By Corban Addison
Knopf 2022, 444pp
Book Review by Kathleen Tigerman, Ph.D.
Wastelands is a true legal drama that reads like a crime novel. A group of citizens in North Carolina took on Smithfield, the huge agribusiness, and the people won! This David-versus-Goliath story is a nail-biter as author Corban Addison guides readers through the generations-long injustices perpetrated by Big Ag: corporate takeover of land, suppression of legal titles, environmental degradation, unscrupulous politicians, and indifference to human suffering.
The book reveals the disaster of the corporate takeover of food production. Factory farming ignores how hogs have been raised for hundreds of years: eating waste, pasture crops and harvest gleanings, while spreading their manure as they ranged. Big Ag took these beneficial regenerative practices and separated them, resulting in two problems: inefficient feeding and piles of manure. CAFOs (concentrated animal feeding operations) cram huge numbers of hogs into inhumane conditions where hogs stand on grated slats. Their waste falls into open cesspools the industry calls “lagoons.” Smithfield’s CAFO farmers dilute the waste with millions of gallons of local ground water then spray it on nearby fields.
North Carolina hog CAFOs were built without local zoning, while government agencies ignored people who had lived there for generations. The mainly poor, Black and Indigenous rural families had asked neighboring factory farms for relief for years, but were ignored until they took their complaints – of waste raining down, noise and disruption by dead-pig trucks hauling day or night, and stench – to court. The plaintiffs were remarkable in their perseverance and courage, and their integrity attracted an outstanding legal team, which worked without charge to them. After testimony by Smithfield, local government, hog industry insiders, and factory farmers, the court ruled in favor of the plaintiffs.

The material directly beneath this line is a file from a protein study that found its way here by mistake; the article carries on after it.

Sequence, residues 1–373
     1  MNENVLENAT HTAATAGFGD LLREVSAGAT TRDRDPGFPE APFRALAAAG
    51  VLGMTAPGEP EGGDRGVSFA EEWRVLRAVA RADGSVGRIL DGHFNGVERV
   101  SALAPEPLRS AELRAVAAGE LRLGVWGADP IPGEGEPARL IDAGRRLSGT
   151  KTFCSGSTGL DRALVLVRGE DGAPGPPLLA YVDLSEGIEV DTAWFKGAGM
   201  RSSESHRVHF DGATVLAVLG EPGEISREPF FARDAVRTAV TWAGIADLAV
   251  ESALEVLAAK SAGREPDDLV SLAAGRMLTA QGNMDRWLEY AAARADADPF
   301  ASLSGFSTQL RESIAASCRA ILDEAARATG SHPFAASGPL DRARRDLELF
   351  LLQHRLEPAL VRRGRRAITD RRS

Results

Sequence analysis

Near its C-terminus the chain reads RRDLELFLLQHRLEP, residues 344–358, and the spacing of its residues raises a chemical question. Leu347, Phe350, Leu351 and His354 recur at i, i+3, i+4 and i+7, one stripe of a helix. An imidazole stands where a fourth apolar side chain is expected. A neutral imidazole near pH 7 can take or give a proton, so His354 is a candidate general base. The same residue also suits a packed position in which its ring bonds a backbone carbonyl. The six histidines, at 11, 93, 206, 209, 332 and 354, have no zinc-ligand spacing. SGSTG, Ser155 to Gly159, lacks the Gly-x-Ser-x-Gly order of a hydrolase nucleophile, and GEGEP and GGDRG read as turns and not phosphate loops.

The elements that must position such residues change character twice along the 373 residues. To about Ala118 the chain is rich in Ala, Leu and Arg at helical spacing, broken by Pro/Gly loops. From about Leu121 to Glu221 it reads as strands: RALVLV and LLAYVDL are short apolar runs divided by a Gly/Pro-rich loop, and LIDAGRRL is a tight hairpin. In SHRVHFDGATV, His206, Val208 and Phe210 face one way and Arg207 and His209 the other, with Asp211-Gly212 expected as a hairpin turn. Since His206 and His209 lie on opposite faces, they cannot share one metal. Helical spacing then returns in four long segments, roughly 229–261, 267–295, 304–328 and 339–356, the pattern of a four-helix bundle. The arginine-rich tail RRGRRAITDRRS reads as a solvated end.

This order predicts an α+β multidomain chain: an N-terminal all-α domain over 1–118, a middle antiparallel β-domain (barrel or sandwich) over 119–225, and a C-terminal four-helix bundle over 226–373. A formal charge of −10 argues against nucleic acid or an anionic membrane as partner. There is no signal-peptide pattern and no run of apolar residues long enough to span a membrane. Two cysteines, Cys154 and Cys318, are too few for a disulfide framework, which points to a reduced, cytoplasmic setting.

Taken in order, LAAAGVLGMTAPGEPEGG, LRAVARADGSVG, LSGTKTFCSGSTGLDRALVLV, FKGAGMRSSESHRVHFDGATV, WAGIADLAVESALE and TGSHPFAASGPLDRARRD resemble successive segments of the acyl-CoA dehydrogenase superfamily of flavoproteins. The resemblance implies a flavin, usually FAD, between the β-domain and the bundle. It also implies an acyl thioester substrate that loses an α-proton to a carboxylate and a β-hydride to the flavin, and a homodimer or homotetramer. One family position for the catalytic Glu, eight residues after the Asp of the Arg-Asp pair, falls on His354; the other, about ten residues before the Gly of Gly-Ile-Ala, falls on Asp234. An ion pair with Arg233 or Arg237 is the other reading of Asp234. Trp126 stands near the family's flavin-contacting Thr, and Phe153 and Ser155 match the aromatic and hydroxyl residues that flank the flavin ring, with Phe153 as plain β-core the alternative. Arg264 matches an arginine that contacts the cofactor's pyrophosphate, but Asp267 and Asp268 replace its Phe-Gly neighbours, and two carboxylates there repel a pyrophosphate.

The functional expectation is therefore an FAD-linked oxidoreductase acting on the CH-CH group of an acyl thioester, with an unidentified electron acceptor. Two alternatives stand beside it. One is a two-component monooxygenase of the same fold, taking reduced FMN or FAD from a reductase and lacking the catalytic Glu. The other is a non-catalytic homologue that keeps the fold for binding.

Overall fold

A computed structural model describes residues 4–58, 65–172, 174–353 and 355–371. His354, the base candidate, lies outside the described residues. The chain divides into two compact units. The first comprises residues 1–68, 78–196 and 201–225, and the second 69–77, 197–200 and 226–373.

The book brought two surprises: one, the case was not explicitly about land theft, destruction of water resources, or collusion of the powerful against the powerless. It was about STINK – the putrid life-challenging effect on people caused by hog manure being sprayed near and in some cases on peoples’ homes. A turning point occurred when a constitutional scholar looked up a “nuisance” entry in Blackstone’s 1610’s Commentaries on the Laws of England. That year William Aldred complained that his neighbor had constructed a pigsty so close to his home that the stench made his home unlivable. Finding in Aldred’s favor, the King’s Bench said the neighbor had “no right to maintain a structure upon his own land, which, by reason of disgusting smells, loud or unusual noises, thick smoke, noxious vapors, the jarring of machinery or the unwarrantable collection of flies, renders the occupancy of adjoining property dangerous, intolerable or even uncomfortable to its tenants.” This reference to a four-hundred-year-old precedent was a turning point for one of the judges in the case.
A second surprise came when a CAFO operator testified that he tried to comply with Smithfield’s policies (and their Chinese parent company, WH Group), but he couldn’t make any money. Profits went to Smithfield, but debts were his. And he owned the manure. If he didn’t do as directed, Smithfield would not allow him enough hogs to make a living. Even when he did as Smithfield demanded, he still could not make money.
On November 24, 2020, the Fourth Circuit Court ruled there was “abundant” evidence of Smithfield’s deliberate disregard of the plaintiffs’ rights. As author Addison summarizes Judge Harvie Wilkinson’s concurring opinion:
[Smithfield’s crime] is not merely a violation of the law. It is a breach in the natural order of things . . . a wrong so pervasive [it] demands a remedy equally inclusive . . . It must respect the rights of the entire community, human and animal, together with the earth itself.
This finding of basic justice gives hope to rural communities threatened by Big Ag. As a resident of such a community, I feel deep gratitude and take solace in the court’s ruling which suggests that David still occasionally triumphs over Goliath.
July 31, 2022